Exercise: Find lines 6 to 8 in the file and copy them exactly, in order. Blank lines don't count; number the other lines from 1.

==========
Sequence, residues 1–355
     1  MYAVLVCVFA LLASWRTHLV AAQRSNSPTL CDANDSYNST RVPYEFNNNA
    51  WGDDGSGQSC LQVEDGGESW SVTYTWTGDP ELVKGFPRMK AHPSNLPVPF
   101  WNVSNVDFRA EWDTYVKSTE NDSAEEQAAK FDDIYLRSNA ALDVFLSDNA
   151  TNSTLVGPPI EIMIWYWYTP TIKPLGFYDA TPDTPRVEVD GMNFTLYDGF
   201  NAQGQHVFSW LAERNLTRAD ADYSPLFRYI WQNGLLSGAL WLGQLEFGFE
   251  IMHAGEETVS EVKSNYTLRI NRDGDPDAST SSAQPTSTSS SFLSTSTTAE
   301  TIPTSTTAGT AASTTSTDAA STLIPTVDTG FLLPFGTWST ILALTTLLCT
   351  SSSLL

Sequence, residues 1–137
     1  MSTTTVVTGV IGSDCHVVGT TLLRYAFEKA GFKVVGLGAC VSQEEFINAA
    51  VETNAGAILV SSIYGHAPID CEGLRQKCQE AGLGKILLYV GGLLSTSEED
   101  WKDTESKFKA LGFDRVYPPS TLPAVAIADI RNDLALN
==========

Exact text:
   201  NAQGQHVFSW LAERNLTRAD ADYSPLFRYI WQNGLLSGAL WLGQLEFGFE
   251  IMHAGEETVS EVKSNYTLRI NRDGDPDAST SSAQPTSTSS SFLSTSTTAE
   301  TIPTSTTAGT AASTTSTDAA STLIPTVDTG FLLPFGTWST ILALTTLLCT